Knesset Vote Set on Controversial Conversion Bill

Bill submitted for Monday vote, with rabbis warning it will prevent conversions being recognized in Israel and abroad.

Hezki Baruch, Ari Yashar ,

Full Knesset session
Full Knesset session
Yonatan Sindel/Flash 90

Chairman of the Constitution, Law and Justice Committee MK David Rotem (Yisrael Beytenu) submitted the controversial Conversion Bill of MK Elazar Stern (Hatnua) to the Knesset on Wednesday.

The full Knesset is to vote on the bill for a second and third reading next Monday, after appeals to the bill this Monday were overruled and it was approved for voting.

However, after Prime Minister Binyamin Netanyahu withdrew his support for the law, it has become known that several senior coalition members are seeking to postpone the vote by a month.

Those coalition members told Arutz Sheva they hope that Economic Minister Naftali Bennett (Jewish Home) will initiate a counter-conversion bill to gain some time in place of the current extreme Conversion Bill, saying "Bennett should fold and stand together with the prime minister."

Netanyahu has refused to let Justice Minister Tzipi Livni (Hatnua) submit her proposal of the bill, demanding that Bennett in his role as Religious Services Minister do so. It has been made known to Arutz Sheva that Bennett is refusing "to sign his name" on any bill leading to a significant change in the conversion process.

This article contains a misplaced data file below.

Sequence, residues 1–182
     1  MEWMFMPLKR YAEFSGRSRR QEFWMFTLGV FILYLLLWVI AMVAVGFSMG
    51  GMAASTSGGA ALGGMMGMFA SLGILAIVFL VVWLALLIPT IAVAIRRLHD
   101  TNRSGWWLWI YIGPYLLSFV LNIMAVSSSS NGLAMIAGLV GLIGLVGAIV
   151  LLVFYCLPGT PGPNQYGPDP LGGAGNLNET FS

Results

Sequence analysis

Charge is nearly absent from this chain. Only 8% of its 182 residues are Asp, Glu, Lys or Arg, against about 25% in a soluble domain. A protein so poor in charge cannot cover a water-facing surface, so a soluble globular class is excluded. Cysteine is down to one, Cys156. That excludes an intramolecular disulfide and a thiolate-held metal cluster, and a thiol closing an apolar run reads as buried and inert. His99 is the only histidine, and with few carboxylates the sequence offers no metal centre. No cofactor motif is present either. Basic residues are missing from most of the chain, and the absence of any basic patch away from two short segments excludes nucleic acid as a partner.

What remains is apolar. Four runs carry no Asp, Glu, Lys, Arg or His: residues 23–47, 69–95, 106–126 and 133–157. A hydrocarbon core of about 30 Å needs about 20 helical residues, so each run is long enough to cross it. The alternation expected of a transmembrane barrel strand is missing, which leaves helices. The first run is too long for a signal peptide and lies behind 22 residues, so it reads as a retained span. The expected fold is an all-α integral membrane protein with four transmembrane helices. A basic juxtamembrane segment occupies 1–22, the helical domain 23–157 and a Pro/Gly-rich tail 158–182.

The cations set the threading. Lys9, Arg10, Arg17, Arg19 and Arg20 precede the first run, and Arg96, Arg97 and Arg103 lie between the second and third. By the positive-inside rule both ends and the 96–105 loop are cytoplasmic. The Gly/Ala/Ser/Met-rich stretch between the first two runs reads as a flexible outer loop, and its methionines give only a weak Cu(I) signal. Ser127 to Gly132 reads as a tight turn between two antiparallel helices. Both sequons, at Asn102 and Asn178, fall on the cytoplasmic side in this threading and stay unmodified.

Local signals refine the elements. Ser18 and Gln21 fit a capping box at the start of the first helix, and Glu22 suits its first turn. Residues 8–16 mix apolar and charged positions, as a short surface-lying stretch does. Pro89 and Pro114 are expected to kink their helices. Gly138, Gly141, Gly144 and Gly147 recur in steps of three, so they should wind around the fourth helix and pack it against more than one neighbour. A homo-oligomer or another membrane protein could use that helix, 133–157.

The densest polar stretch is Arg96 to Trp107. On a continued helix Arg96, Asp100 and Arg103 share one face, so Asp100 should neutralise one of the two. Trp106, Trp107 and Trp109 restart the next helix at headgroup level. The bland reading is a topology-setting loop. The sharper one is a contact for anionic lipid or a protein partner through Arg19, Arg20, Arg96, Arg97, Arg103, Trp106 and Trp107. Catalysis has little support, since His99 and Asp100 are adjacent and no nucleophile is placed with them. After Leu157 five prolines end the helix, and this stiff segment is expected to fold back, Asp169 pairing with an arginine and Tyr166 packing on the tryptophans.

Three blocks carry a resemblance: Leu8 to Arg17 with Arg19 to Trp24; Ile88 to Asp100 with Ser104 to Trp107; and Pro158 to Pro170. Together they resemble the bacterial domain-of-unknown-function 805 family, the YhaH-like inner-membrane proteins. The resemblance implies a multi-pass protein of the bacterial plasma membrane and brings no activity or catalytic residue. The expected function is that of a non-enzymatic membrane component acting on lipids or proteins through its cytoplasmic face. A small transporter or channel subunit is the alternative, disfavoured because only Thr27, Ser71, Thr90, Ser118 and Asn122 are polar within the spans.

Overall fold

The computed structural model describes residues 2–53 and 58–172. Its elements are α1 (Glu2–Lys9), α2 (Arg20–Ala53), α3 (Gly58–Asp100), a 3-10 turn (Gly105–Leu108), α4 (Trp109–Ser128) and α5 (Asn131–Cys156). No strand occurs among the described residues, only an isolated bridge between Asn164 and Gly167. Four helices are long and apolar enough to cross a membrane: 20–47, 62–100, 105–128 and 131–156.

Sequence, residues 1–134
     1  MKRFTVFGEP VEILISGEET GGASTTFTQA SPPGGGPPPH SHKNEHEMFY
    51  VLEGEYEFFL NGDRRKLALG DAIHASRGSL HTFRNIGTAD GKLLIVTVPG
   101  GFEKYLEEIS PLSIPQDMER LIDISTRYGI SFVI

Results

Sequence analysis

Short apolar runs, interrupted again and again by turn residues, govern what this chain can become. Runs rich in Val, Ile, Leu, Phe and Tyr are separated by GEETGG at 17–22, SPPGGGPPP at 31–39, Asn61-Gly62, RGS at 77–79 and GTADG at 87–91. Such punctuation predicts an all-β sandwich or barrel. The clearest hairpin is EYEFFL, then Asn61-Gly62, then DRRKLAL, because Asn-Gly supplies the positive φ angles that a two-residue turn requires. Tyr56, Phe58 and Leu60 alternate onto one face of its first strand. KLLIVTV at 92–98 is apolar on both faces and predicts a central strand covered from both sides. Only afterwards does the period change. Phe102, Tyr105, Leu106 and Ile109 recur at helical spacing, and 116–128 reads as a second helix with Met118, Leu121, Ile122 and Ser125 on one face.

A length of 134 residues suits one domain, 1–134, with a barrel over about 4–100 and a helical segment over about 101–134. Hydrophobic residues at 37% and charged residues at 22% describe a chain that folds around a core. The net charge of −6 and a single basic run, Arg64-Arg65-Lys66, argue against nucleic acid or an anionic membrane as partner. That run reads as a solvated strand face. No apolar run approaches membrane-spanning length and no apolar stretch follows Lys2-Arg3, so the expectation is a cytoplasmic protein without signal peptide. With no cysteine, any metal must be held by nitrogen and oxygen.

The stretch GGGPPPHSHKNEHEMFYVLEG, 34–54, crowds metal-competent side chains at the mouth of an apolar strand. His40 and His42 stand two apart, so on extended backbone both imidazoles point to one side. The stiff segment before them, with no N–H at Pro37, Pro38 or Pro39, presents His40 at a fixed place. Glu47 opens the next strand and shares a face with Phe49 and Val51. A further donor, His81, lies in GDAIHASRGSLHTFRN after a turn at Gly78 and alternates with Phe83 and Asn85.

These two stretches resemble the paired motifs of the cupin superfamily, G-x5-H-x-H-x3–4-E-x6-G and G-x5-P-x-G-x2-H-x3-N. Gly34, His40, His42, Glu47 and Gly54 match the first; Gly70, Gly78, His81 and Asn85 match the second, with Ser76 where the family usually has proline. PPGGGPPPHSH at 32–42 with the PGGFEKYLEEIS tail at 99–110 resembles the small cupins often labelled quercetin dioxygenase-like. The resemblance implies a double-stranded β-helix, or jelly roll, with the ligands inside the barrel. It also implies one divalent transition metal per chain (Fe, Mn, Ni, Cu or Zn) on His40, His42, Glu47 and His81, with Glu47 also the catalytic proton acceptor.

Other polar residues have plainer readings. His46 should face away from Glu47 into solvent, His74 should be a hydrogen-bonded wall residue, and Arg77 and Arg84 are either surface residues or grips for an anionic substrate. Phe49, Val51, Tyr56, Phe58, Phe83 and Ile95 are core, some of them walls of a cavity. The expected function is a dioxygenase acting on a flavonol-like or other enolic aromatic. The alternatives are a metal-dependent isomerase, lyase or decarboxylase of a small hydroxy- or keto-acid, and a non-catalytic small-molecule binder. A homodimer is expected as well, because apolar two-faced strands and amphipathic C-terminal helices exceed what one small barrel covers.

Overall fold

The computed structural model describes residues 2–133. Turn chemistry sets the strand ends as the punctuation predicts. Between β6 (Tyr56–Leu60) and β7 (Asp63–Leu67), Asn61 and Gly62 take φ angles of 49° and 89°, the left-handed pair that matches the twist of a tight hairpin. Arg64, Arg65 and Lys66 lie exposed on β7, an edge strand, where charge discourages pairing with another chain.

Jewish Home has been opposing the law, but originally agreed to let the bill come to a first reading despite its right to veto laws on religion and state before their presentation to the Knesset. Evidently the decision not to veto was made for political considerations, in an attempt to gain support for Jewish Home's bill against freeing terrorists in exchange agreements.

The controversial Conversion Bill would remove the Chief Rabbinate's supervision over the conversion process in Israel, with proponents claiming it will "ease" the process and critics warning it will destroy valid conversion to Judaism.

The Chief Rabbis warned Netanyahu in an urgent meeting on Tuesday that they will not recognize conversions conducted under the new bill, showing how the bill in fact will only complicate the conversion process.

Chief Ashkenazic Rabbi David Lau likewise warned about the bill last month when he met with world rabbis in London, who told him that with the supervision of conversion being removed from the Chief Rabbinate, rabbis around the world will not recognize conversions taking place in Israel either.



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